Businesses can receive grants up to $25,000 for working capital. Applications should be available soon on the DCEO website, and funds are expected to be accessible within 30 days of the receipt of the application.

The Federal Government Response

Finally, on March 27, President Donald Trump signed the CARES Act into law after voice-vote approval from the U.S. House of Representatives earlier the same day, and unanimous approval by the U.S. Senate on March 25. At $2.2 trillion, it is the single largest emergency relief bill ever passed and it covers far more areas than direct payments to employers for payroll costs and other business expenses.

Within the CARES Act, the corollary to the city and state programs is the Keeping Workers Paid and Employed Act. Employers with fewer than 500 employees can apply for low-interest loans (not to exceed 4%)[13] as part of the Paycheck Protection Program, an amendment to the Small Business Act.[14]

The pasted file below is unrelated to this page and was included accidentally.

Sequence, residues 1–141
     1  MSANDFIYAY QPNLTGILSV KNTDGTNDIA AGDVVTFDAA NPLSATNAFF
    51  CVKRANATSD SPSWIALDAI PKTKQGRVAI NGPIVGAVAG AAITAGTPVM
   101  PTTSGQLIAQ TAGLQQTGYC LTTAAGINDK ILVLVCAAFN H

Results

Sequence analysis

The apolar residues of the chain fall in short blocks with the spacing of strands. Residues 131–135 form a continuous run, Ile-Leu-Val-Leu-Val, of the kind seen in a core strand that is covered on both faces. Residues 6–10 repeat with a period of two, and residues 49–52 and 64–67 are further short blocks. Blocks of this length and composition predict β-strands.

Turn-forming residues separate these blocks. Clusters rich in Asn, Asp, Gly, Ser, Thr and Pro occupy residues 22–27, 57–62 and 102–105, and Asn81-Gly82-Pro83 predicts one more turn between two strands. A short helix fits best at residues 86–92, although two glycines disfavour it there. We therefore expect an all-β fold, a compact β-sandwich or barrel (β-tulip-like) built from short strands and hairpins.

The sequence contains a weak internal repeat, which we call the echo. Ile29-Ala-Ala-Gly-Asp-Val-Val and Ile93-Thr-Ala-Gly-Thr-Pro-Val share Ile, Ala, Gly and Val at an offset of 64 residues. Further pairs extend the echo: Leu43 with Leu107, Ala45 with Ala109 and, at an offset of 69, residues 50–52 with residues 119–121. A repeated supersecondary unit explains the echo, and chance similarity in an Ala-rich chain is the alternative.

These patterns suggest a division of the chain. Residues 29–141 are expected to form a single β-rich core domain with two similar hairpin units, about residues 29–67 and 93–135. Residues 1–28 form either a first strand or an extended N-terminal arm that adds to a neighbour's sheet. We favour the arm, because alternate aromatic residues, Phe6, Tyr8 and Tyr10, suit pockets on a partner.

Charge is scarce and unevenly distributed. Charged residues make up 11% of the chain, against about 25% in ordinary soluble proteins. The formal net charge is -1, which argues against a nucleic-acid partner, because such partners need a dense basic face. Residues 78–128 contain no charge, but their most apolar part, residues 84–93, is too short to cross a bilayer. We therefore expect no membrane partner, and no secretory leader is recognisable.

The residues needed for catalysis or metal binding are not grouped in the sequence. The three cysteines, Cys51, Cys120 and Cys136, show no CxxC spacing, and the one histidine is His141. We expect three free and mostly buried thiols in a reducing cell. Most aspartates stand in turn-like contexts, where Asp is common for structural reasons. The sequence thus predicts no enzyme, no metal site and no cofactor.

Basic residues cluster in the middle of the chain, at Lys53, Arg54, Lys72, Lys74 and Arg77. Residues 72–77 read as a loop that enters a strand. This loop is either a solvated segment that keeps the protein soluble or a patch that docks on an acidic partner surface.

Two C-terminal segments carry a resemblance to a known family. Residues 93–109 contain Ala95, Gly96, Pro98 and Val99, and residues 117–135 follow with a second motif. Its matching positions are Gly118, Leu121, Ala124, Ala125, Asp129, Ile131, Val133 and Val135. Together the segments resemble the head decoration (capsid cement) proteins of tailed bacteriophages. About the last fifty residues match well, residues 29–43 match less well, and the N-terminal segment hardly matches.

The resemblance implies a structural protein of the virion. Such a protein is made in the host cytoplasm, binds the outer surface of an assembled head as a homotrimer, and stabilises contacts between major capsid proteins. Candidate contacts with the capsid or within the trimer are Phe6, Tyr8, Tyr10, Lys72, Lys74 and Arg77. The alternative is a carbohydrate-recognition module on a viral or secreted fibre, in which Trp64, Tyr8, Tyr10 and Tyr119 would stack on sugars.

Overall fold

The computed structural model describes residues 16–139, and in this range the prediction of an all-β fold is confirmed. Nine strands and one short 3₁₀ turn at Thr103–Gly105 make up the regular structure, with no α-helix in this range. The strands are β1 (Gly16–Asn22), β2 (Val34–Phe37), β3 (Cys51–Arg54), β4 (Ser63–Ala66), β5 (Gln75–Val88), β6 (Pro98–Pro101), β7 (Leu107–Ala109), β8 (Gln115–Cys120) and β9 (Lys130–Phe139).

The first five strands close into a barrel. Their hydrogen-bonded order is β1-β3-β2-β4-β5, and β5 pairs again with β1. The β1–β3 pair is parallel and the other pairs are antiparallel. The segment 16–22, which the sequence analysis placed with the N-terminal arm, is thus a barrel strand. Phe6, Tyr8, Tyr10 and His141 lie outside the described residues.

Employers do not have to establish that they were unable to obtain credit elsewhere and no personal guarantee is required for the loans. An employer must certify that the loan is necessary due to the uncertainty of current economic conditions (there is no 25% revenue decrease threshold like the city or state funding); that the funds will be used to retain workers and maintain payroll or to make mortgage, lease or utility payments; and that there is not already a pending application for the same funds.[15]

The maximum loan amount is the lesser of 2.5 times average monthly payroll costs plus the balance of any outstanding SBA disaster loan made after Jan. 31, or $10 million.[16] Although the loan amount is calculated using payroll costs, loan proceeds can be used for payroll costs, group health insurance costs, medical and family leave payments, salaries, commissions, and other compensation, payment of interest on mortgage obligations, rent, utilities and interest on other debt.[17] In addition, the loan is retroactive to Feb. 15.[18] At least $350 billion has been set aside to fund these loans.[19]